I am not discouraging anyone from taking a skillshare class. In fact, just the opposite. We are all at different places, need different things, etc. And the instructors are all top notch, the price is great, and the feedback from peers and instructors is a great piece of the learning. I'm looking forwarding to hearing further feedback about the newer courses.
« Last Edit: January 09, 2014, 02:55:24 PM by Erica McPhee »
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Offline Erica McPhee

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Re: Calligraphy to Vector Tutorial
« Reply #22 on: January 09, 2014, 03:04:01 PM »
One other thing, I was wondering... I saw Alan Ariail vectorize his lettering using a pencil sketch! And his final was AMAZING! I wish I could find it to share. His blog is a gold mine: The Art of Hand Lettering

Anyway, my point -- his process seems to be equal parts skill in hand lettering and Illustrator. His sketches (which reflect his masterful lettering) are not finished by any means. However, he can work magic with his skill in Illustrator. Is this different from starting from calligraphy?

It seems like it is but doesn't have to be. Meaning, the original is more important if your goal is only to vectorize the calligraphy you have done v. using Illustrator to continue the lettering and/or refinement process of your calligraphy. Do you know what I mean?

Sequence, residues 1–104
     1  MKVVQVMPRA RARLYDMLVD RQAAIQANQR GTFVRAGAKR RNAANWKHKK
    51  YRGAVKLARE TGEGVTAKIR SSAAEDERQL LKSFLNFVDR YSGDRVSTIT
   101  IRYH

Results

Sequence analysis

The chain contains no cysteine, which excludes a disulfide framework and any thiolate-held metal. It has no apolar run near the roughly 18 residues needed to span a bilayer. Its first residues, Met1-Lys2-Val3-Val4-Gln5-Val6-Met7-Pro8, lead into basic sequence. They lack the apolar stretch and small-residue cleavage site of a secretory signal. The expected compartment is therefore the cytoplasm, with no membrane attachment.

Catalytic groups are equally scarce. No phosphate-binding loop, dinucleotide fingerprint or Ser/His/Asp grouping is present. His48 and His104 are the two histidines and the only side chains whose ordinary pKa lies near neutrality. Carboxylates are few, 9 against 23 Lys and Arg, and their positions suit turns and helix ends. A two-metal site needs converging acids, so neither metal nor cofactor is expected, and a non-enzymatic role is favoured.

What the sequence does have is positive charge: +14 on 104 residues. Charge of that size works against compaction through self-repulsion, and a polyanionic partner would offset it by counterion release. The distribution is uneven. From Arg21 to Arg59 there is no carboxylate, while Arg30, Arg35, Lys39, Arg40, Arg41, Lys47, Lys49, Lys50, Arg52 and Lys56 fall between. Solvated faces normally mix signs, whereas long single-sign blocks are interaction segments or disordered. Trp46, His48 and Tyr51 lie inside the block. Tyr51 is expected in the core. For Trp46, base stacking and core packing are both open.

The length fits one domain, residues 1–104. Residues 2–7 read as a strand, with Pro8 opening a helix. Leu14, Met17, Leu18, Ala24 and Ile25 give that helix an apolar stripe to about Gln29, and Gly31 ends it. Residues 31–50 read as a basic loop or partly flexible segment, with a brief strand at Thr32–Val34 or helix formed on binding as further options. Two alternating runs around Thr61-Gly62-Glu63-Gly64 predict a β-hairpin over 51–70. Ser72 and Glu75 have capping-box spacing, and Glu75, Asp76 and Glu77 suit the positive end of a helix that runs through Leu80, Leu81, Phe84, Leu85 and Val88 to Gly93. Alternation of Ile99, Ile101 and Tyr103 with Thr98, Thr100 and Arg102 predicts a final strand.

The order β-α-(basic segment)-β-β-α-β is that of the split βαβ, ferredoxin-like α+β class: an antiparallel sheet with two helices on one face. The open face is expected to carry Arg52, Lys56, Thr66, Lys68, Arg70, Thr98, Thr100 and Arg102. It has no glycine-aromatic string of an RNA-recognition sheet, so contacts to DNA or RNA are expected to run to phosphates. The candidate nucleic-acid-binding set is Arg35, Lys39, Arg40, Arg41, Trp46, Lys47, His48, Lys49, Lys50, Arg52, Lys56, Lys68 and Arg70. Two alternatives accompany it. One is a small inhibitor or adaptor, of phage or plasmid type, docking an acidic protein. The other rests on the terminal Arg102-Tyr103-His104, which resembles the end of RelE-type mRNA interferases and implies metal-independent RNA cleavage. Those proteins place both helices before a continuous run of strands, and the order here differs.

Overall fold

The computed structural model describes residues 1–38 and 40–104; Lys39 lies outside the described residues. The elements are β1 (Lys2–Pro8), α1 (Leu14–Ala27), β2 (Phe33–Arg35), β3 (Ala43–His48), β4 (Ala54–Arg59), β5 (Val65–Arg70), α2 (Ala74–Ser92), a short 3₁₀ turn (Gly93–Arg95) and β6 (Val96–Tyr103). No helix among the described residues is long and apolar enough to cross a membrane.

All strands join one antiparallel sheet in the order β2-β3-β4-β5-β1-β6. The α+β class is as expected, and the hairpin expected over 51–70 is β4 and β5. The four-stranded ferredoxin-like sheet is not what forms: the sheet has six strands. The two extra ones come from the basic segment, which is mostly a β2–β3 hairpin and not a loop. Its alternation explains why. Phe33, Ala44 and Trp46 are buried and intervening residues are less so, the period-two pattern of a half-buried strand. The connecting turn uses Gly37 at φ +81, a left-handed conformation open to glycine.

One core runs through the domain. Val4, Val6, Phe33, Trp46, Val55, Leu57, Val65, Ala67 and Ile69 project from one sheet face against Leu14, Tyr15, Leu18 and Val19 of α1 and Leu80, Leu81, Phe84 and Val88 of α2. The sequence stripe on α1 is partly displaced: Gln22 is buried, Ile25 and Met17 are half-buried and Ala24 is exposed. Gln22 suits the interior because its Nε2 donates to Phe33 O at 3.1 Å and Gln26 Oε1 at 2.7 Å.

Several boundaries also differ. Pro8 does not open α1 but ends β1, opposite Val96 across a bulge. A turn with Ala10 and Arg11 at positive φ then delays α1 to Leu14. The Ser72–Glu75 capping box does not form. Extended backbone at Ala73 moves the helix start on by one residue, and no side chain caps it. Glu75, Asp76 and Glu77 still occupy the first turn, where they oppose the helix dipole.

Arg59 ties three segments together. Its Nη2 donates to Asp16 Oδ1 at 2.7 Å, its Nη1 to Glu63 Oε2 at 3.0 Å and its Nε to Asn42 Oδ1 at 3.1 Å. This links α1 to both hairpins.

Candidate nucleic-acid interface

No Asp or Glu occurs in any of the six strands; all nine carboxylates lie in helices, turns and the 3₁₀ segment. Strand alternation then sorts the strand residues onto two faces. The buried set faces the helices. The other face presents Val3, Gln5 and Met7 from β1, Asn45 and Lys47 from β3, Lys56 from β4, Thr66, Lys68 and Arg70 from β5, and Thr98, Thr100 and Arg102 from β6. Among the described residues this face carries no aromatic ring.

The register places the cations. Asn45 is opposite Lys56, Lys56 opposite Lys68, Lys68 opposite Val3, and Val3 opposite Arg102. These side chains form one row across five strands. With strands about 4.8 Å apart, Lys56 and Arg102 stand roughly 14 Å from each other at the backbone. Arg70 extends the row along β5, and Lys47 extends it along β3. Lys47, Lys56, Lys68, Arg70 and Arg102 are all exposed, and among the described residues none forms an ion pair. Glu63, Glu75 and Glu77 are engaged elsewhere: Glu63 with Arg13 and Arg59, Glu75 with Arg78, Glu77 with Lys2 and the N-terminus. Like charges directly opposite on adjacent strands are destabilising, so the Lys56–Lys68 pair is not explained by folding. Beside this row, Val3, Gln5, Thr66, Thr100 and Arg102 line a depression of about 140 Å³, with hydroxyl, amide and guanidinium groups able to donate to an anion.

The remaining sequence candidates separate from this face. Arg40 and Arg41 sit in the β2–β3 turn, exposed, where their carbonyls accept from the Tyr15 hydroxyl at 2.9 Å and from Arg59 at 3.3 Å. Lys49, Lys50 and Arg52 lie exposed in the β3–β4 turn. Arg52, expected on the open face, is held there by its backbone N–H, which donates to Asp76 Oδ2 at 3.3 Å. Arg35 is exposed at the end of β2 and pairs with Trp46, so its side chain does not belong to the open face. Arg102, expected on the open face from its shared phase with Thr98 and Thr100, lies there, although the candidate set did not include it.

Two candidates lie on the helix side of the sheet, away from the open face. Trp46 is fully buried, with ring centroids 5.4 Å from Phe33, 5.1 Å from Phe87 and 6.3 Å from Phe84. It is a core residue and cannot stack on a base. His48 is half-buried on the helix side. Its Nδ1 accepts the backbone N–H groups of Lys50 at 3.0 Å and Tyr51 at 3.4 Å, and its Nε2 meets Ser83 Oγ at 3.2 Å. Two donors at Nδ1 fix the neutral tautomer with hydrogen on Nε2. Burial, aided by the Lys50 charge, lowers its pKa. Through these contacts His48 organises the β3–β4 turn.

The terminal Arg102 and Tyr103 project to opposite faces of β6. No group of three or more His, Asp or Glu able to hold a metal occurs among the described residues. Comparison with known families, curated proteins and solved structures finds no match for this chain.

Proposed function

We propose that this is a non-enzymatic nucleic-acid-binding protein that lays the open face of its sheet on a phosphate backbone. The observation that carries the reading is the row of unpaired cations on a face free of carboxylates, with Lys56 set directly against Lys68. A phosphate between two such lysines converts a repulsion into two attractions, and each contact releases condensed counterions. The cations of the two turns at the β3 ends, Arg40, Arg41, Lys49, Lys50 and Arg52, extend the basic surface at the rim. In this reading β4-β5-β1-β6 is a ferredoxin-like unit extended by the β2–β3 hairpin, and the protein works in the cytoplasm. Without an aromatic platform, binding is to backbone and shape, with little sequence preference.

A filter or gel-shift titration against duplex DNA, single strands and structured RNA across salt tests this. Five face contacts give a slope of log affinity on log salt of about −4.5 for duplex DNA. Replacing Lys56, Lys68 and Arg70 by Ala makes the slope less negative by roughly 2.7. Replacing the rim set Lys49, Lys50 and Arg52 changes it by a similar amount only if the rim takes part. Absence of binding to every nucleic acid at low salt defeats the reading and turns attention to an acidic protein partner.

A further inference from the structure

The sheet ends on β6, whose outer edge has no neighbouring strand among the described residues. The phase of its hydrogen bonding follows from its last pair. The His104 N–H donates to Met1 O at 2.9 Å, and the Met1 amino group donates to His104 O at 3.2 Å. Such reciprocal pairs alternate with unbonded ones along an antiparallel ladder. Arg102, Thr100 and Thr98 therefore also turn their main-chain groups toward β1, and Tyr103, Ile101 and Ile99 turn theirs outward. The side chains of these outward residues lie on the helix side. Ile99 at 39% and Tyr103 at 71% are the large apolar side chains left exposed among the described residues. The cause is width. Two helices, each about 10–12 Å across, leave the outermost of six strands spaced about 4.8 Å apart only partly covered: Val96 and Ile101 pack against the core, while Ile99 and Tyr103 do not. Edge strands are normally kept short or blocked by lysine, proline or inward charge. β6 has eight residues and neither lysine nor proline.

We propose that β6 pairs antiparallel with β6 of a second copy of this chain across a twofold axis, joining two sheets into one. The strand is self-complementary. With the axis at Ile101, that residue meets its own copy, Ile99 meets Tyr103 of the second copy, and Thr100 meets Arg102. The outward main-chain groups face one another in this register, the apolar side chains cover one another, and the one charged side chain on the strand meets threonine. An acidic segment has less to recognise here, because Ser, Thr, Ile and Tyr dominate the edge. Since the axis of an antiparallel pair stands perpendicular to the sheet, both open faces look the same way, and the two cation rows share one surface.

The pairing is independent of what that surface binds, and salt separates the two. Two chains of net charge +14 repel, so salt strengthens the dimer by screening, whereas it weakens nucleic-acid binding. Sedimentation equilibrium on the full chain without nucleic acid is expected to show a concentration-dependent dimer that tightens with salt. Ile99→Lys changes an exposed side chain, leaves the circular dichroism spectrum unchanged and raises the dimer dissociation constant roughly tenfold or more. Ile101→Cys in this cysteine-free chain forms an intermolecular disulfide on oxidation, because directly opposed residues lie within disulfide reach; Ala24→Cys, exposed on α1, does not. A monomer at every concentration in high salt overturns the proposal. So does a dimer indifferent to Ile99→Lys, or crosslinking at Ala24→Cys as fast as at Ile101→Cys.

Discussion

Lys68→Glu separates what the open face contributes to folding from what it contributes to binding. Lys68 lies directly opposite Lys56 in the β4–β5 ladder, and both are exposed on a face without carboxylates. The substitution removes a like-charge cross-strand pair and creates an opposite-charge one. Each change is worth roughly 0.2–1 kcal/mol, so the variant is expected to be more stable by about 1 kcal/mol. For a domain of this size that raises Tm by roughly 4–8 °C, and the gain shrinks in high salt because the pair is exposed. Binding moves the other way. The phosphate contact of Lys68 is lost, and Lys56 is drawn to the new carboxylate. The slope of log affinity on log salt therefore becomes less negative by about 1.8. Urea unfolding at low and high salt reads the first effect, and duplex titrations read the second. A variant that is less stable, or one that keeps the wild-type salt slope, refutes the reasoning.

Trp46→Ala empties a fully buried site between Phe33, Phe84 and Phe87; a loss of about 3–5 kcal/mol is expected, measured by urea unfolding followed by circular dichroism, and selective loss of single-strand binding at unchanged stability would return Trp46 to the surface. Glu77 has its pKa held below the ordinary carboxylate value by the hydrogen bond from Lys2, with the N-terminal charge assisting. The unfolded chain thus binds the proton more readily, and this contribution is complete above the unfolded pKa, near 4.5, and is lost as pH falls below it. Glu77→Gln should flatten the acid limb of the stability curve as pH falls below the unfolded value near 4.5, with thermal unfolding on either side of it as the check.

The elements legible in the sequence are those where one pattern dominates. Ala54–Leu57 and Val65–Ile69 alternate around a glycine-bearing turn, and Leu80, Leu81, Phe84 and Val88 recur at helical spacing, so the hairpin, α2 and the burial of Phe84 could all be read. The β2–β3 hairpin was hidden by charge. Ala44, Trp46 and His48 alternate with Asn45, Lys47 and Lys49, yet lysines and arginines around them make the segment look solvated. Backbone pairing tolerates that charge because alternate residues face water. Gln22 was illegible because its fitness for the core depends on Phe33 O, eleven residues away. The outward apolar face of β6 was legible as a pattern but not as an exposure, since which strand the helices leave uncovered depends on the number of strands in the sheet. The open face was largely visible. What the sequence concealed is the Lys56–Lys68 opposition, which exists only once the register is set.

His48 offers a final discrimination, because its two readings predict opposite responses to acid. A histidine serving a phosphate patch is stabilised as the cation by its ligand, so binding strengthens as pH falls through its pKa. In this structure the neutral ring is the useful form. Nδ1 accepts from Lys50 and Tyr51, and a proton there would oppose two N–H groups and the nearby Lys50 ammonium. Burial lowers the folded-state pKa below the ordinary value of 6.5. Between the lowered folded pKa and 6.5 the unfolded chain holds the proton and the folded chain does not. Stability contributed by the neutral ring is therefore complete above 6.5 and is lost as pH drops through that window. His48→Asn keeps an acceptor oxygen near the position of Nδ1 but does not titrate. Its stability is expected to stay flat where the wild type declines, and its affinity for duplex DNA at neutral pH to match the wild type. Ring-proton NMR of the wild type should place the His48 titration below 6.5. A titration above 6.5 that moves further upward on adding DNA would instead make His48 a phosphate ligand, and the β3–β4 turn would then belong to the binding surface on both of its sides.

I want to be able to do both which I think is a very different skill set than just learning to vectorize your calligraphy.
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Offline Estefa

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Re: Calligraphy to Vector Tutorial
« Reply #23 on: January 09, 2014, 06:06:18 PM »
The jagged edges maybe be "charming," but they kind of drive me crazy too. Maybe I'm OCD about it, but I try to challenge myself to use the least number of points while working in Illustrator too!

Please keep us updated if you take one of these classes! Thank you for sharing.

Hi Linda, haha, me too! And I will definitely keep you updatet if I take this class! Also thanks for posting the names of these other lettering artists, I will look at their work too! – And what is OCD ;)?

As I mentioned, I've been taking Laura Coyle's course which is awesome! But unfortunately no longer available through reneepearson. So I am hoping she will offer her courses through another venue because the instruction is top notch. She has her own webite which is great:

Illustratoring

So is one problem that you didn't learn how to manage the path / drawing tools in the class you mentioned? I checked Laura's website and found this tutorial

http://www.illustratoring.com/pen-tool-illustrator-tutorial/

where Laura explaines the use of anchor points, curves etc. quite in detail. Have you seen this or something similar?